This session is perfect if you’re new to surrogacy and you’re looking for a surrogate, you may be Intended Parents (IPs) or you might have formed a team and are completing the paperwork, you might be a team pregnant with a surrogate baby and/or you might be parents through surrogacy or you also might be an experienced surrogate.

What are the steps in Australia for surrogacy?

Stages of legal work we will discuss:-

  1. Seeking legal advice
  2. Written agreements
  3. Post-birth (Parentage Order)
  4. General Concerns
  5. Donor egg/sperm issues
    Surrogacy Australia Infographic

    These steps apply if you have found a surrogate already.

The infographic here is assuming you have found a surrogate.  If you haven’t yet found a surrogate, your options are finding a known surrogate (and that might be a family or friend of a friend) so by sharing with them that you need a surrogate or it might be finding an unknown surrogate and that would mean joining some online groups or SASS which stands for Surrogacy Australia’s Support Service.

In terms of qualifying you either need to not have a uterus which means you need to be a same-sex male couple or a single man or because you were born without a uterus or have had a hysterectomy or you’ve been advised by a specialist that carrying a pregnancy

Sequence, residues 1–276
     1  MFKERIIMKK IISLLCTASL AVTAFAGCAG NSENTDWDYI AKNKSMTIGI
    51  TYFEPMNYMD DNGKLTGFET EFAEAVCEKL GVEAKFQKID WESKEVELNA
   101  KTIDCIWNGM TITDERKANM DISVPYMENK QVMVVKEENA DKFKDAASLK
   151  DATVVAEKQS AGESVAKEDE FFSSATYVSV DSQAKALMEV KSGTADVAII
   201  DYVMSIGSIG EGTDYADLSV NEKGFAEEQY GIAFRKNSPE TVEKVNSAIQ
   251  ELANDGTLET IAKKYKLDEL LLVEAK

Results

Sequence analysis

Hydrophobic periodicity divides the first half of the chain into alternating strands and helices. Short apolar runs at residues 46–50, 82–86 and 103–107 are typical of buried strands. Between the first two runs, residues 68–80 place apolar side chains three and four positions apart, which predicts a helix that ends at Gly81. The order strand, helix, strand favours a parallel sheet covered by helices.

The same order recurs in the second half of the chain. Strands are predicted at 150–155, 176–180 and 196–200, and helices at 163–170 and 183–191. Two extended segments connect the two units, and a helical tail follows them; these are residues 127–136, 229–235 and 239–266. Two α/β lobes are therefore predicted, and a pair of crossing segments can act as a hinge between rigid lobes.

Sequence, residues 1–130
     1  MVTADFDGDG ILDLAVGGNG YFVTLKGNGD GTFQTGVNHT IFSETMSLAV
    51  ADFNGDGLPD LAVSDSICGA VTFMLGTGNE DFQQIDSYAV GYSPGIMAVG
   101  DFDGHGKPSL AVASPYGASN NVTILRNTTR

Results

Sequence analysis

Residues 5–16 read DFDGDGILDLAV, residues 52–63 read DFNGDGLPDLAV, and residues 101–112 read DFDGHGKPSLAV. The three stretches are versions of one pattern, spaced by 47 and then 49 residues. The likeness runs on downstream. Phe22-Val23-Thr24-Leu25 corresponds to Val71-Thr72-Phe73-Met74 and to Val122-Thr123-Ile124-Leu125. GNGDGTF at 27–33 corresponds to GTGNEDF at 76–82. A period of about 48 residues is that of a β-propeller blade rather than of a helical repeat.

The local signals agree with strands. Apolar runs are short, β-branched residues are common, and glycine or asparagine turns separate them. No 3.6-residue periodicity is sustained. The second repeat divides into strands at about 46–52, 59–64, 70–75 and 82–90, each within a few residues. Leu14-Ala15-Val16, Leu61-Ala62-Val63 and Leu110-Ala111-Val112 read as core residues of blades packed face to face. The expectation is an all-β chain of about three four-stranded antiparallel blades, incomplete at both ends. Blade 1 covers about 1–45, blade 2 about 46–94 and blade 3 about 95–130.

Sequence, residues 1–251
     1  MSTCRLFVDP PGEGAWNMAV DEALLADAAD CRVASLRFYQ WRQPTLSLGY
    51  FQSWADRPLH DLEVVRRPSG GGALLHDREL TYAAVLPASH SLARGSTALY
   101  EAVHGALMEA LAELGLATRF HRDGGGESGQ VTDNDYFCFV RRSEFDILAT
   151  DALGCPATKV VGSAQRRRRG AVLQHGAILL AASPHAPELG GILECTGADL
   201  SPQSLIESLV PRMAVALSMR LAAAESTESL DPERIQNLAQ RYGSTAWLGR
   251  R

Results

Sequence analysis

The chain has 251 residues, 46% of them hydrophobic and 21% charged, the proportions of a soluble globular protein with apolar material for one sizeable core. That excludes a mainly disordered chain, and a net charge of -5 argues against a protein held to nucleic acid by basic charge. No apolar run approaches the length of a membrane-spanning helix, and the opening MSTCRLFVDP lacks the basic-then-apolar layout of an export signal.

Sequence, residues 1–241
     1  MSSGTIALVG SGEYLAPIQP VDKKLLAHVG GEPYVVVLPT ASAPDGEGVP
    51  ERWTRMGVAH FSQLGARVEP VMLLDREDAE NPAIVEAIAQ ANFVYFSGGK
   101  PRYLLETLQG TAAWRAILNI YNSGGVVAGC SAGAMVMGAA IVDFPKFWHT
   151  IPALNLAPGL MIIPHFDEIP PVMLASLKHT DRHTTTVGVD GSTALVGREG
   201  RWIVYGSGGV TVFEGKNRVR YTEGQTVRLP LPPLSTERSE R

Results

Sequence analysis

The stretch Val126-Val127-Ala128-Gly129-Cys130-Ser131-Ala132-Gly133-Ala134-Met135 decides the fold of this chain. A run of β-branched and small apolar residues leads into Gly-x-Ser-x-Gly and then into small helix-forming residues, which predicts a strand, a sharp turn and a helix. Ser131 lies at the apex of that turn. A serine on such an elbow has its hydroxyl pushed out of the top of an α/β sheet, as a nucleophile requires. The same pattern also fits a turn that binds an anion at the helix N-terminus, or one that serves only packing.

would be too great a risk for yourself or the baby unexplained infertility does not necessarily make you eligible for surrogacy as you’ll eventually need confirmation about that from a fertility specialist.

In terms of eligibility to be a surrogate, the checks are there to make sure that you’re fit and healthy enough to carry another pregnancy basically and then once you have a team the steps that you need to go through before trying for a pregnancy are counselling and legal and usually engaging with an IVF clinic too.

In terms of the stages of legal work then once you’ve completed the counselling and legals and your IVF clinic have approved you then you’re aiming for pregnancy then after birth some states have mandatory relinquishment counselling around six weeks after birth and then that’s required before the parentage order.  So that’s a bit of an overview of some of the steps to expect.